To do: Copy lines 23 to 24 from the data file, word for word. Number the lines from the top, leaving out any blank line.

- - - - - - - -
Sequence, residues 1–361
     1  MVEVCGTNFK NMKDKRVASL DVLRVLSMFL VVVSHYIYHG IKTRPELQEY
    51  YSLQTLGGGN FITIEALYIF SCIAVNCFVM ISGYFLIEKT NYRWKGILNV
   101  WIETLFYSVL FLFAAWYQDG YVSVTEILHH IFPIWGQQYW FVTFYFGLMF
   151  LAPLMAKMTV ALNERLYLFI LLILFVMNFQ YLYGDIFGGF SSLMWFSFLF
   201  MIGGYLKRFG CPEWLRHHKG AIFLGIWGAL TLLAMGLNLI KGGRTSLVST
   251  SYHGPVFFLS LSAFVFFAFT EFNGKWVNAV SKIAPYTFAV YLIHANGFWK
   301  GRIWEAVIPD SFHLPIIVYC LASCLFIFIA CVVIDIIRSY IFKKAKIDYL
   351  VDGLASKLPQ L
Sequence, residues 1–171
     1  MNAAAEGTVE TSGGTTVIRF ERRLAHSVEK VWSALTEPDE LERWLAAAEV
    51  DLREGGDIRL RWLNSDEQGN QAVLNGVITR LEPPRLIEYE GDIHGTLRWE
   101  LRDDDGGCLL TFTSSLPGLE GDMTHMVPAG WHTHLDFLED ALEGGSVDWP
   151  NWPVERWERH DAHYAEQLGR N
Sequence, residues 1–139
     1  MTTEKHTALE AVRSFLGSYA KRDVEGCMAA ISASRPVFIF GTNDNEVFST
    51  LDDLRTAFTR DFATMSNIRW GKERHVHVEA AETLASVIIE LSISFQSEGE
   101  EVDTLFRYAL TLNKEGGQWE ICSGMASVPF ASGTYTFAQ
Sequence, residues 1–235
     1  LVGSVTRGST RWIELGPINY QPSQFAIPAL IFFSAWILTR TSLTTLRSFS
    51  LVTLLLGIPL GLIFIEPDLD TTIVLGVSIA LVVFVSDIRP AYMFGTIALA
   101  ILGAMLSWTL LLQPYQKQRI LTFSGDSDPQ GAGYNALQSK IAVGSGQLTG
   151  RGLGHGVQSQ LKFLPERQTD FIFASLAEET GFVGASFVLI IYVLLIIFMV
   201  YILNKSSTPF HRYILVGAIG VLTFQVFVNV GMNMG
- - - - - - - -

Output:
   151  RGLGHGVQSQ LKFLPERQTD FIFASLAEET GFVGASFVLI IYVLLIIFMV
   201  YILNKSSTPF HRYILVGAIG VLTFQVFVNV GMNMG